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US court to rule on $150 mln Abacha loot traced to Kebbi Gov Bagudu

The U.S. will resume legal proceedings to confiscate more than $150 million it says was laundered by a leading member of Nigeria’s ruling party after attempts to reach an out-of-court settlement failed.

The Justice Department has been trying to seize four investment portfolios held in trust for Abubakar Bagudu and his family since 2013.

The U.S. alleges Bagudu, 60, was part of a network controlled by former dictator Sani Abacha that misappropriated billions of dollars from state coffers in the 1990s. Bagudu is governor of Nigeria’s northern state of Kebbi and heads an influential body of governors representing the ruling All Progressives Congress.

His brother Ibrahim, who is entitled to an annuity from the assets, is challenging the forfeiture in a federal court in Washington.

While the parties obtained a stay from the judge in early 2020 to discuss “a potential negotiated resolution,” the U.S. now believes the talks have reached an “impasse” and the case is set to restart, the two sides said in a joint report on March 2. Still, Ibrahim Bagudu is “amenable to continuing settlement discussions while litigation resumes,” as he is of the view that an out-of-court resolution remains possible, according to the filings.

READ ALSO: Nigeria pension fund hits N13.6 trln in Jan 2022

The U.S. and Ibrahim have been trying to negotiate a broader settlement that includes his brother as well as the Nigerian and U.K. governments, court filings show. A U.K. court froze the investment portfolios in 2014 following a request from the U.S.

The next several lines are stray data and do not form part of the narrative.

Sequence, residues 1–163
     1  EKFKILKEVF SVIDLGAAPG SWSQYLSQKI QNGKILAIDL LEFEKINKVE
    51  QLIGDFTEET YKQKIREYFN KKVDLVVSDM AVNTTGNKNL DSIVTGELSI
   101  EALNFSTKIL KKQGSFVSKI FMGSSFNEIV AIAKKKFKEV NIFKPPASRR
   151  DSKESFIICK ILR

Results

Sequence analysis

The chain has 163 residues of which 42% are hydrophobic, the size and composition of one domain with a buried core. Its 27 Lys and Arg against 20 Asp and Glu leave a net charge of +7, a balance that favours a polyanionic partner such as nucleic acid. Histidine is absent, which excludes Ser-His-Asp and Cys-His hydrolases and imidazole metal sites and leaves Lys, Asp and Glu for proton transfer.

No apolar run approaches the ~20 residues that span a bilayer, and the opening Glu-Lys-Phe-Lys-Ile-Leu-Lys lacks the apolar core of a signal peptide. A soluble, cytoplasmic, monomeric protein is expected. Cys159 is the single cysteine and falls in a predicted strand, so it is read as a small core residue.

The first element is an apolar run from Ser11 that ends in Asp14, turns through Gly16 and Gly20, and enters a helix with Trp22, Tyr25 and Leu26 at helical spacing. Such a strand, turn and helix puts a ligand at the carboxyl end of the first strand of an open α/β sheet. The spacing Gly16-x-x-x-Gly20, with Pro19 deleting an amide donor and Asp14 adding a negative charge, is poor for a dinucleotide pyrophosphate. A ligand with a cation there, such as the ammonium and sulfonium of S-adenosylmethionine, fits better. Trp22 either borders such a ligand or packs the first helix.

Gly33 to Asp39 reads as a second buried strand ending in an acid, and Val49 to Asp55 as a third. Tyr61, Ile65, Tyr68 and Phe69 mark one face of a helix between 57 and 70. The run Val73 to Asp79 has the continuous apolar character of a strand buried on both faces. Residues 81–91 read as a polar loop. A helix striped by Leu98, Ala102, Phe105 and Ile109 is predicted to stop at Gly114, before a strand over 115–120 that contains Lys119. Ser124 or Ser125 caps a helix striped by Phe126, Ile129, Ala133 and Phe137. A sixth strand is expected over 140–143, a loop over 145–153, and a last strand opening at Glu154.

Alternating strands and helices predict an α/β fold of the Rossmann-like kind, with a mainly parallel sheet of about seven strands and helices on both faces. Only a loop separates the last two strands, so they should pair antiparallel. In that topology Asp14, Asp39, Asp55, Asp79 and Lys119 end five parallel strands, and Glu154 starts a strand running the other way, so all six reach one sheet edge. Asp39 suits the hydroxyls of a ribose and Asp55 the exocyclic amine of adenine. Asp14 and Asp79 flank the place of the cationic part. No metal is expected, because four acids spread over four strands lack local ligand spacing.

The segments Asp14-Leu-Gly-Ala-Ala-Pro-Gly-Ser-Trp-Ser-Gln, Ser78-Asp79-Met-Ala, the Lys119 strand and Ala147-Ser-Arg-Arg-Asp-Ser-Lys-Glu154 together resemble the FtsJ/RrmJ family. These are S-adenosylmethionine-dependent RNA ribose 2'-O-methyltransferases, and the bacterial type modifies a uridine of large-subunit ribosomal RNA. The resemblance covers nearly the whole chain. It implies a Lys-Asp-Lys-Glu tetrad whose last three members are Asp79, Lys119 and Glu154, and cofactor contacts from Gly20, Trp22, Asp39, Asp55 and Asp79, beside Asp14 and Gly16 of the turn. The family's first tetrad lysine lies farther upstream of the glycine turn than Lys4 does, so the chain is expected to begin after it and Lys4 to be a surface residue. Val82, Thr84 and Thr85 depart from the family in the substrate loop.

Nigerian President Muhammadu Buhari’s government has said it is unable to assist the U.S. because it is bound by a settlement Abubakar Bagudu reached with a previous administration in 2003. This arrangement allowed Bagudu to return $163 million to the Nigerian authorities, which in exchange dropped all outstanding civil and criminal claims against him, according to court filings.

The government and Bagudu concluded a new agreement in 2018 that would see ownership of the investment portfolios — worth 141 million euros ($154 million) in late 2019 — transferred to the Nigerian state, which would then pay 98.5 million euros to Bagudu and his affiliates, according to U.S. court documents.

Buhari’s administration has applied to the U.K. court to unfreeze the assets. The U.S. Justice Department said in February 2020 it had asked the Nigerian government to withdraw litigation it had commenced in the U.K. that was hindering its efforts to forfeit laundered funds held in Bagudu’s name.

The Justice Department declined to comment. A spokesman for Nigerian Attorney General Abubakar Malami and lawyers for the Bagudu brothers didn’t respond to requests for comment.

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